Thursday, 18 March 2010

Practice Boundaries and Home Visits

I have an overwhelming sense of deja-vu. As part of the government's plan to scrap practice boundaries, the suggestion has been made that someone other than GP's could take over the responsibility for out of hours care - oh sorry, I mean home visits. This of course coming at the same time as GP's are being asked to take back control of out of hours care which was seized from us (albeit gratefully) just a few years ago. Unfortunately of course that grand plan has left a wake of debt, poor care and unnecessary deaths. But I'm sure it will be different this time...

The debate on practice boundaries is an interesting one. The idea of increasing patient choice is of course appealing, but is fraught with problems, none greater than how to manage home visits for patients who don't live locally. Never fear though, the Department of Health is going to resolve the problem with one of the four potential solutions:
  1. Creating rules to identify which patients practices should arrange home visits for, and which PCTs should be responsible for.
  2. Asking GP practices to continue to provide or arrange home visits for all patients.
  3. Allowing patients to register with two separate GP practices.
  4. Removing all home visiting obligations from GP practices, making PCTs responsible instead.
Here are my thoughts on the above:
  1. Logistical nightmare which would exacerbate the 'postcode lottery' effect and be wholly unfair to patients living just beyond the boundaries set (who may previously have been covered by their practice).
  2. Impossible. Should I pop out to visit my sick patient in Kent, in between consultations in Islington?
  3. Potentially workable if we had an IT system to support it, allowing both practices up to date information on consultations and prescribing. We don't.
  4. Ludicrous. Much as I grumble about home visits (home visit = no lunch break), they provide an essential service to the sickest patients. Imagine the dying cancer patient, requiring regular home visits, being seen by a different PCT doctor on each occasion? It has the out of hours fiasco written all over it. Can this government really make the same mistake twice?
It seems to me that none of the government's options are workable. Yet the push for it continues because at first glance, 'it seems like a good idea' (may win votes). Perhaps even more importantly, opinion polls show quite clearly that it is only a small minority of patients who would wish to register with a different local practice or with a practice close to work (18% and 6% respectively). Does the enormous expense that this re-structuring will incur provide the tax payer with value for money when it will benefit only a minority? With the rest of the public sector under immense pressure to cut costs, is it really as Andy Burnham would have us believe "the right move at the right time"?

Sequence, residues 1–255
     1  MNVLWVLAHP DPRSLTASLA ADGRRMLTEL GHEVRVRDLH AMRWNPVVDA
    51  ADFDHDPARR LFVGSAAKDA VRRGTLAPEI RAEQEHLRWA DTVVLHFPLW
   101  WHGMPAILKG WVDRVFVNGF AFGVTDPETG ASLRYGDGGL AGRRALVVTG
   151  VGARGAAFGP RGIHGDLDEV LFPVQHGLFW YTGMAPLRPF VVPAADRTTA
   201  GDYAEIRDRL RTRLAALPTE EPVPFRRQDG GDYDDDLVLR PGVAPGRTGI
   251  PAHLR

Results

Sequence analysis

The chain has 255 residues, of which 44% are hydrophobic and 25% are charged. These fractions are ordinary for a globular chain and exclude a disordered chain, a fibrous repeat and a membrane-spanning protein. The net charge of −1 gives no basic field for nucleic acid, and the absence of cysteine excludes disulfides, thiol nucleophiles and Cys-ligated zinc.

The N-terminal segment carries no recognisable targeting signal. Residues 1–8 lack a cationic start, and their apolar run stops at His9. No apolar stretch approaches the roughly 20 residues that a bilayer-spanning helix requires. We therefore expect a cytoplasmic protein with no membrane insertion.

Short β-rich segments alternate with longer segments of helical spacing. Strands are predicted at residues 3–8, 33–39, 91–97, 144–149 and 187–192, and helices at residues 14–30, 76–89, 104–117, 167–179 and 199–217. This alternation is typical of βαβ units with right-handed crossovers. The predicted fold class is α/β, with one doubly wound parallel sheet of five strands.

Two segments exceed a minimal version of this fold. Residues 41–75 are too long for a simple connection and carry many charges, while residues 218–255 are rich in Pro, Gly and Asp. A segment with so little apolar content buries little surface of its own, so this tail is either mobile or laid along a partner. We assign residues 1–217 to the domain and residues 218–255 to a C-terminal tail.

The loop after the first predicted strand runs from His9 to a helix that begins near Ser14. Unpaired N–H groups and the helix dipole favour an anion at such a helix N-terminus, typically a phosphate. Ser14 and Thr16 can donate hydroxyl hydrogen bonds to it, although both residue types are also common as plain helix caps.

The majority of patients can already choose between a number of local practices. In addition, it has always been possible to be seen as a temporary patient in any practice in the UK, giving easy access to NHS primary care services wherever you are. So my point is this, where exactly is the problem?


  1. So my point is this, where exactly is the problem?

    I'll give you an example. My disease does not respond to the treatment laid out in various official guidelines and requires a different treatment that is not part of the 'official' guidance.

    My GP is bright, autonomous and able to think outside of the box and is willing to take responsibility for the 'outside-the-guidelines' treatment.

    I know from correspondence with other patients in the same predicament, that many GPs are not so bright, are less able to think for themselves and are more interested in covering their backs and following the 'official' guidelines to the letter.

    If I happen to move to another catchment area, I will be left in the hands of the less bright, more self-interested GPs and my health will suffer as a result.

    Therefore, for somebody like me who values my current good state of health, widening practice boundaries is a good thing as it means I would be able to continue my life-restorative treatment should I have to move house for any reason.

    I imagine that on the whole, the majority of patients will stay put. However, for some people this rule change may be the difference between sickness and health. The proposed system works well in other countries and I believe it can be made to work here.

  2. Where's the real problem so long as it's fairly local? My missus and I moved from one practise area to another in the same town just over 25 years ago, and expressed a preference to stay with the old practise....this has been quietly and efficiently managed...and our kids are now at that practise too....